One heard queer conversations in the bistro. As a sample I give you Charlie, one of the local curiosities, talking.
Charlie was a youth of family and education who had run away from home and lived on occasional remittances. Picture him very pink and young, with the fresh cheeks and soft brown hair of a nice little boy, and lips excessively red and wet, like cherries. His feet are tiny, his arms abnormally short, his hands dimpled like a baby’s. He has a way of dancing and capering while he talks, as though he were too happy and too full of life to keep still for an instant. It is three in the afternoon, and there is no one in the bistro except Madame F. and one or two men who are out of work; but it is all the same to Charlie whom he talks to, so long as he can talk about himself. He declaims like an orator on a barricade, rolling the words on his tongue and gesticulating with his short arms. His small, rather piggy eyes glitter with enthusiasm. He is, somehow, profoundly disgusting to see.
He is talking of love, his favourite subject.
‘Ah, l’amour, l’amour! Ah, que les femmes m’ont tué! Alas, messieurs et dames, women have been my ruin, beyond all hope my ruin. At twenty-two I am utterly worn out and finished. But what things I have learned, what abysses of wisdom have I not plumbed! How great a thing it is to have acquired the true wisdom, to have become in the highest sense of the word a civilized man, to have become raffiné, vicieux,’ etc. etc.
‘Messieurs et daffies, I perceive that you are sad. Ah, mais la vie est belle—you must not be sad. Be more gay, I beseech you!
‘Fill high ze bowl vid Samian vine,|
Ve vill not sink of semes like zese!
‘Ah, que la vie est belle! Listen, messieurs et dames, out of the fullness of my experience I will discourse to you of love. I will explain to you what is the true meaning of love—what is the true sensibility, the higher, more refined pleasure which is known to civilized men alone. I will tell you of the happiest day of my life. Alas, but I am past the time when I could know such happiness as that. It is gone for ever—the very possibility, even the desire for it, are gone.
‘Listen, then. It was two years ago; my brother was in Paris—he is a lawyer—and my parents had told him to find me and take me out to dinner. We hate each other, my brother and I, but we preferred not to disobey my parents. We dined, and at dinner he grew very drunk upon three bottles of Bordeaux. I took him back to his hotel, and on the way I bought a bottle of brandy, and when we had arrived I made my brother drink a tumblerful of it—I told him it was something to make him sober. He drank it, and immediately he fell down like somebody in a fit, dead drunk. I lifted him up and propped his back against the bed; then I went through his pockets. I found eleven hundred francs, and with that I hurried down the stairs, jumped into a taxi, and escaped. My brother did not know my address—I was safe.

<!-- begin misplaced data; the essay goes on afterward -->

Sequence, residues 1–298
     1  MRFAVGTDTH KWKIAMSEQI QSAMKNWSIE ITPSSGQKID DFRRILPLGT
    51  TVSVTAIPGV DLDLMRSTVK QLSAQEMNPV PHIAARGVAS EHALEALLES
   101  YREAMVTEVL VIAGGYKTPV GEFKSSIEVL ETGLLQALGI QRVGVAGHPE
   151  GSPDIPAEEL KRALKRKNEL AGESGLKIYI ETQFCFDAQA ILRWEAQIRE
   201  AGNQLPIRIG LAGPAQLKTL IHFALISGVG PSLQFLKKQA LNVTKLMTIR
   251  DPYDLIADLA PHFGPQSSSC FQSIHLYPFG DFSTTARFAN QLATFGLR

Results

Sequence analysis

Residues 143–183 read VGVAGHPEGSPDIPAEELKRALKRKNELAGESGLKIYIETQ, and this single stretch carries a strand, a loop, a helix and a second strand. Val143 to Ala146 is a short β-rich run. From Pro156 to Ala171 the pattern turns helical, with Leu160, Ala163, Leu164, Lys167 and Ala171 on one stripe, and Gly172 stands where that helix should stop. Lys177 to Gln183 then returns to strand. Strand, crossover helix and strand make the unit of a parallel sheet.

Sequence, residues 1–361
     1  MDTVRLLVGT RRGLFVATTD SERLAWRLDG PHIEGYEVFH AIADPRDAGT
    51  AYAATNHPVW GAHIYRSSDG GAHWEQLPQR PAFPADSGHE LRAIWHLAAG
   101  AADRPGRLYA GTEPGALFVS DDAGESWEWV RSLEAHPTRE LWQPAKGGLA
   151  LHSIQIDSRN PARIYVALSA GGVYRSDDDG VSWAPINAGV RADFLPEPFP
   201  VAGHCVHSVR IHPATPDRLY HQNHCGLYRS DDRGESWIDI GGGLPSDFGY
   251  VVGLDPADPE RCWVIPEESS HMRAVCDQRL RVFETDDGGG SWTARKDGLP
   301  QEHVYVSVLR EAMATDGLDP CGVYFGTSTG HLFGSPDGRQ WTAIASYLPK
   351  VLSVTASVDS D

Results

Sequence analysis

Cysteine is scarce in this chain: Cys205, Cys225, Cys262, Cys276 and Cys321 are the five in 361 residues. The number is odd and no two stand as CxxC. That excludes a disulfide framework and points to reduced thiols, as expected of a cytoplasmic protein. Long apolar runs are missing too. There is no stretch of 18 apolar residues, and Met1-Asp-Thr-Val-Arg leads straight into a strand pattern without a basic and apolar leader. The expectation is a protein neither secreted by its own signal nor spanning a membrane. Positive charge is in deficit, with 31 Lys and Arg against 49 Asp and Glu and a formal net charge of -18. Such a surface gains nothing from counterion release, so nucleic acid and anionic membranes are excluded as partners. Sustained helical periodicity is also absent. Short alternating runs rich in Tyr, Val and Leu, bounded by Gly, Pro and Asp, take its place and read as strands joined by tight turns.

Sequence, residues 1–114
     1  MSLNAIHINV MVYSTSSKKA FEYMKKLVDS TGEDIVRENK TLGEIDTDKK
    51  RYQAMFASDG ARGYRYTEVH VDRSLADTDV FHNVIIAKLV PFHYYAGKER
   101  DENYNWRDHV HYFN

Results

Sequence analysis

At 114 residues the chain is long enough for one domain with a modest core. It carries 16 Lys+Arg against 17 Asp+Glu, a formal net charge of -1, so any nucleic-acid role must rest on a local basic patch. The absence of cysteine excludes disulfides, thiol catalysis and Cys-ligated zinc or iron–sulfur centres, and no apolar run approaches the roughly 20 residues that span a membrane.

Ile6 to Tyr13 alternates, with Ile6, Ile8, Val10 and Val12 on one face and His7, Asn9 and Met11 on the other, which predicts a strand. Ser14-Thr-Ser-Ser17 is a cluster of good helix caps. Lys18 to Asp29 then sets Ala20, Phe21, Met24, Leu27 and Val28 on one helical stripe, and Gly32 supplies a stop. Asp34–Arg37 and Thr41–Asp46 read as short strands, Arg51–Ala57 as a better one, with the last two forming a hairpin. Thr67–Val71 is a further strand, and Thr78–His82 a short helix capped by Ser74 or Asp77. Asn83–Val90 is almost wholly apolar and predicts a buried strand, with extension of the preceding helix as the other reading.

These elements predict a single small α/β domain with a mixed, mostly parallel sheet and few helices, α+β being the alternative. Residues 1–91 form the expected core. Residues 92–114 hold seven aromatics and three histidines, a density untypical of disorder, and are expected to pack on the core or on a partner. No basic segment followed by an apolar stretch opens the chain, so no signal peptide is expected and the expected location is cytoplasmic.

‘Where does a man go when he has money? To the bordels, naturally. But you do not suppose that I was going to waste my time on some vulgar debauchery fit only for navvies? Confound it, one is a civilized man! I was fastidious, exigeant, you understand, with a thousand francs in my pocket. It was midnight before I found what I was looking for. I had fallen in with a very smart youth of eighteen, dressed en smoking and with his hair cut a l’américaine, and we were talking in a quiet bistro away from the boulevards. We understood one another well, that youth and I. We talked of this and that, and discussed ways of diverting oneself. Presently we took a taxi together and were driven away.
‘The taxi stopped in a narrow, solitary street with a single gas-lamp flaring at the end. There were dark puddles among the stones. Down one side ran the high, blank wall of a convent. My guide led me to a tall, ruinous house with shuttered windows, and knocked several times at the door. Presently there was a sound of footsteps and a shooting of bolts, and the door opened a little. A hand came round the edge of it; it was a large, crooked hand, that held itself palm upwards under our noses, demanding money.
‘My guide put his foot between the door and the step. “How much do you want?” he said.
‘“A thousand francs,” said a woman’s voice. “Pay up at once or you don’t come in.”
‘I put a thousand francs into the hand and gave the remaining hundred to my guide: he said good night and left me. I could hear the voice inside counting the notes, and then a thin old crow of a woman in a black dress put her nose out and regarded me suspiciously before letting me in. It was very dark inside: I could see nothing except a flaring gas-jet that illuminated a patch of plaster wall, throwing everything else into deeper shadow. There was a smell of rats and dust. Without speaking, the old woman lighted a candle at the gas-jet, then hobbled in front of me down a stone passage to the top of a flight of stone steps.